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Showing Paris Not Enough, Studies Find 2°C Target Won't Stop 'Destructive and Deadly' Impacts of Global Warming


#21

Paleontalogists are finding that all of our timelines for our evolutionary history are wrong. Half a million years ago we were already not just making tools, but engaged in iterative improvements using materials that had to have come from engaging in trade of goods transported over some distance. While we don’t have human remains from those finds, 400Ky old remains show that we looked basically the same then as now. And, we had already left Africa at least 190Ky ago. Furthermore, neanderthals were not the brutes we had thought, as we have found that they were doing art. Art production is considered a high degree of cognitive development as it involves symbolic representation. And, we were interbreeding with them. Our timelines for agriculture are also wrong, as we now know we have been mixing hunter gathering with agriculture, itinerant life with settled life, and various kinds of tribal political organization for at least 45Ky. We are very old. Question is, how did we get stuck in our present mess?


#22

Can you give us a link for that one? I’d be interested in seeing what he had to say.


#23

Sorry that I misunderstood you. Trump is the worse environmental pres. Whatever programs that were put in place for the environment he is destroying. Anyway, as a lot of people have pointed out we might only have decades left on this planet if we continue on the current course. Remember that China and India are In there industrial revolution too.


#24

Michael Mann has an article in Scientific American about the particles from coal burning. I think he put the effect at about 0.5C. And his view is that if coal burning was stopped to reduce emissions and the lag time of about 30-40 years to reach equilibrium is included then 410 ppm, which is where we are now would be equivalent to 2C. I think the baseline is pretty accurate. The hockey stick graph shows a very slight cooling over the last 2,000 years until the industrial revolution. I don’t think there is good data for the temperature before that. So I think we are really at 1C based on measurements of temperature but the with lag we are committed to about 1.5C and if the aerosol particles from coal burning are disappear because coal is no longer buried then we are already committed to 2C. Slow positive feedbacks are likely to have a pronounced effect in a few decades so that could increase the temperature further,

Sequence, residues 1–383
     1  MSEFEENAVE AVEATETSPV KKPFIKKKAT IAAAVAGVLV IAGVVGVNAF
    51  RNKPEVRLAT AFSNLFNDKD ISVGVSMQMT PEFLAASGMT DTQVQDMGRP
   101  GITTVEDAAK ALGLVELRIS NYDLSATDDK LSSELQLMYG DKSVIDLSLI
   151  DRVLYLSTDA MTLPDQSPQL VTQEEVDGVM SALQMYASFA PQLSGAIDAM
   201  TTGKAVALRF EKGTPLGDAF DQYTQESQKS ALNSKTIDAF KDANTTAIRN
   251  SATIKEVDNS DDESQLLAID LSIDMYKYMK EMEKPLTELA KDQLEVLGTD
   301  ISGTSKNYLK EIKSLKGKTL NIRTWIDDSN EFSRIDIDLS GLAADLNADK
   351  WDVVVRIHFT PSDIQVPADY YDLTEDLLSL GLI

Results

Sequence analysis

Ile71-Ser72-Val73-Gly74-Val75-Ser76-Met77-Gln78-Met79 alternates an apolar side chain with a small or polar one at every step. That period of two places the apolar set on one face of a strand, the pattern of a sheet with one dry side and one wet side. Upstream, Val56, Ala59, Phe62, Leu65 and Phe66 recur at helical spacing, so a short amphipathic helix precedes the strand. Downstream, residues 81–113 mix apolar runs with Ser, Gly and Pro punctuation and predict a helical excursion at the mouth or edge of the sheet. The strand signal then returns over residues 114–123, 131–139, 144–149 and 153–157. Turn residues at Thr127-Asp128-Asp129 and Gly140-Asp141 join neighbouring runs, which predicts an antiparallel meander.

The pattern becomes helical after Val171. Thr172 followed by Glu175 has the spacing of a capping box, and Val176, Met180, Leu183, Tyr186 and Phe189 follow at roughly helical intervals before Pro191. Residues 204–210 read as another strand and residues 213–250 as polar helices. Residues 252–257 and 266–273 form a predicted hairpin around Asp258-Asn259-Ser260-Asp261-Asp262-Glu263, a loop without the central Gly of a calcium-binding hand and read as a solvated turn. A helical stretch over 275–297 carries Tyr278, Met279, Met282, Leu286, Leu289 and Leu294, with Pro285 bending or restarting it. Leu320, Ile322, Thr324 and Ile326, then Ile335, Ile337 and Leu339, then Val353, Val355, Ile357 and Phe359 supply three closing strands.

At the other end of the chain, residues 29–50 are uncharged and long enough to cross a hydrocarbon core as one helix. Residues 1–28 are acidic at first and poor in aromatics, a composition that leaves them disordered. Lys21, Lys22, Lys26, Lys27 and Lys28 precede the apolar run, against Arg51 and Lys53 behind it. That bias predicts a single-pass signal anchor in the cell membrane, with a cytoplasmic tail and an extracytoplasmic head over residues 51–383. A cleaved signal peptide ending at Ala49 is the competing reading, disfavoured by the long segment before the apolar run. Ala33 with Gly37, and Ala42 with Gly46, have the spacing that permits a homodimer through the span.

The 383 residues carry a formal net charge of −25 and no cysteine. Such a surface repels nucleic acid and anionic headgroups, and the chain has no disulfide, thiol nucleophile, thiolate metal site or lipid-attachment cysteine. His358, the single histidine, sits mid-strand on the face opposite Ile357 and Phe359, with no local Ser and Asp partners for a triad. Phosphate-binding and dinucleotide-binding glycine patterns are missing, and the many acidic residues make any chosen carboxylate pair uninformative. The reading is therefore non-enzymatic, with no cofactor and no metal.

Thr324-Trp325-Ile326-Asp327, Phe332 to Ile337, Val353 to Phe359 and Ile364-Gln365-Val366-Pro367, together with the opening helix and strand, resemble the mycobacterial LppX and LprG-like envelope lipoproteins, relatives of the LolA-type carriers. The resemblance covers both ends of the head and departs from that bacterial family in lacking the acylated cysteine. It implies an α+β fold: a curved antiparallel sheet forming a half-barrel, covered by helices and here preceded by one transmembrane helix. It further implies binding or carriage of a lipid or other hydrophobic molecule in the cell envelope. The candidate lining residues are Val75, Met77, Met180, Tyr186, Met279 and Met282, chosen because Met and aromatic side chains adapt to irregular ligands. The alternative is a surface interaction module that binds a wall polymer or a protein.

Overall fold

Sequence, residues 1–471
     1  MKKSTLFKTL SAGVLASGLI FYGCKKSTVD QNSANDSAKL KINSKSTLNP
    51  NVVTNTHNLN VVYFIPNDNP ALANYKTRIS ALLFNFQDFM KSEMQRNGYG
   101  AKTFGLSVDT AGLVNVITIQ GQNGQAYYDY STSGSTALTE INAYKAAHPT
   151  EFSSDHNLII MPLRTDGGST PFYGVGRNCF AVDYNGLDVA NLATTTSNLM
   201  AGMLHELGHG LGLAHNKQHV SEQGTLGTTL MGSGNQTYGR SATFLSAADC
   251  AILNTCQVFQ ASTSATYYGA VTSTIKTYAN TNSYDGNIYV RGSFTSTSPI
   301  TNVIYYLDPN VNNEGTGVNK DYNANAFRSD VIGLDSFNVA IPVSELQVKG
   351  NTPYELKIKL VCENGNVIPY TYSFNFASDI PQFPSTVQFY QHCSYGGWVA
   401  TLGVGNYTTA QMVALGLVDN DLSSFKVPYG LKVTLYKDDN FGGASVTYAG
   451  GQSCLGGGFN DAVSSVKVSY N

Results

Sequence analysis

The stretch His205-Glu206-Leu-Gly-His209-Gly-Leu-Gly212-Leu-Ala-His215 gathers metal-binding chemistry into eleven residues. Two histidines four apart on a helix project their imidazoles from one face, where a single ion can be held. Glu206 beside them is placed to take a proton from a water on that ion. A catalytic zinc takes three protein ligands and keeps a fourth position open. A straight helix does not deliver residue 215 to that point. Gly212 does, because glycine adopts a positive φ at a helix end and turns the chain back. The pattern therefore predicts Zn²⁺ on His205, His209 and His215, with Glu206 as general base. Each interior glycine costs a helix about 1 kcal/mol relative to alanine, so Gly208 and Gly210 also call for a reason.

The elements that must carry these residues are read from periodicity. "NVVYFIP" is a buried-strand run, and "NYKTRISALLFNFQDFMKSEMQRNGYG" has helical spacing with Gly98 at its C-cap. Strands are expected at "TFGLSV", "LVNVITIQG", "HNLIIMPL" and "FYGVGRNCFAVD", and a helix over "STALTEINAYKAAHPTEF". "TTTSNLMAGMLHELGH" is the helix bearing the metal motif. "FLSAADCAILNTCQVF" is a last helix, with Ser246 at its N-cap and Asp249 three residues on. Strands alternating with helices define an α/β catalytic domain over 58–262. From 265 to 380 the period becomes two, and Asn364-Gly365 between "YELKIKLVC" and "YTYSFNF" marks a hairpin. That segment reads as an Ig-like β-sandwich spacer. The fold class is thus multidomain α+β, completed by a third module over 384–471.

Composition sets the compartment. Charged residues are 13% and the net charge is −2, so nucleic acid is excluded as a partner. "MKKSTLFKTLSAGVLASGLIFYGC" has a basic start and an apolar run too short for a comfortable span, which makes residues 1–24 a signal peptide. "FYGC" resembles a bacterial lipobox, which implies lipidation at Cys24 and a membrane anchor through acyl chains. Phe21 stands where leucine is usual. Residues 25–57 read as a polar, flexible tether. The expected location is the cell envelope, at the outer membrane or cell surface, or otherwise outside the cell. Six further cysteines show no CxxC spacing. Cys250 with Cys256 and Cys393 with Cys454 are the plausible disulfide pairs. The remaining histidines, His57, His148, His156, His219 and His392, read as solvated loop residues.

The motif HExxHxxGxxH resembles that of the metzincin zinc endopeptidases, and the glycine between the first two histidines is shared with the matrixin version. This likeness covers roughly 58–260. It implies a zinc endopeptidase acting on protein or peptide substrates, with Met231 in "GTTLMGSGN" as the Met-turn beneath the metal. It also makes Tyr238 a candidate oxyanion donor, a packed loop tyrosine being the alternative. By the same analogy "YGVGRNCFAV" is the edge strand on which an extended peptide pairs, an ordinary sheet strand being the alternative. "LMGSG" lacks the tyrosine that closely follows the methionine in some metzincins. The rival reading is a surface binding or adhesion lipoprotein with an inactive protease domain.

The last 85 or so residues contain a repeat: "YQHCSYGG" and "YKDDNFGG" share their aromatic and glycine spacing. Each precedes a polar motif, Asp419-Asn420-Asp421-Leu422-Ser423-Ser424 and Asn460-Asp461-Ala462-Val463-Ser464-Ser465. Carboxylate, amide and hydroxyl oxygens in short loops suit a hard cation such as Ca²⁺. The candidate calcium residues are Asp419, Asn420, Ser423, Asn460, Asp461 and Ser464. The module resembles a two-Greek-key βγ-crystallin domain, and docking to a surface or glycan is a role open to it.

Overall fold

#25

#26

There is a link here to an interview with and a paper by Ramanathan that shows present warming to be 1.9C without the aerosols (see Box 1 in the paper). That is consistent with what I remember from when the planes were all brought down in 2001 after the WTC event. They found that without the artificial clouds created by the airplanes, the amount of excess heat energy pouring into the system was twice as much.

Baseline is usually put at 280ppm. It should actually be ~265. You might look into Ruddiman’s work for that. I remember that there was some good discussion at realclimate.org

Oh, and by the way, we’re actually at about 495ppm CO2e. Taking into account, that is, other gasses such as methane, nitrous oxide, halogens etc.


#27

Usually I would be on board with all kinds of dire comments about short term extinction of this and most other species, but at this point it is simply a …so what attitude. Looking at the almost universal condemnation of Russia, the Trump latest appointments, Iran, and the Chinese latest actions I am frankly putting my money on nuclear annihilation as the cause for STE.


#28

Here is the discussion of Ruddiman’s work that I mentioned in the post above. It’s well worth a read, as is his book.


#29

It was in his last book. He said the earth had 50/100 maximum 150 years left before collapse.


#30

One thing for sure is that when you start including all the greenhouse gases and all the aerosols in the atmosphere things get very complicated. This is probably why most people seem to prefer to focus on the CO2 level which can be measured with precision. It may be an imperfect indicator of the problem but it makes discussions easier. However, ultimately scientists need to include everything to really understand what is going on and that is what the IPCC does.


#31

This is a wrong on both fronts.

  1. “Humanity does not need fossil fuels”
  • Based on the current technology at market scale, society does in fact require fossil fuels to provide society with certain products. We do not have substitutes at MARKET LEVEL(this being extremely important to note) for petrochemical products. Therefore our options at this level are to continue the use of fossil fuels or to decrease consumption of petrochemical products. The reason why the latter is not an option is because to do this would destroy the world economy and likely eliminate any developed society. This is not an exaggeration. Without products like ethylene, propylene, xylene, benzene, toluene etc you cannot construct any products out of polymers, rubber, cloth, some metals, and other major material groups. This issue includes millions of products and extends into literally every industry on the planet.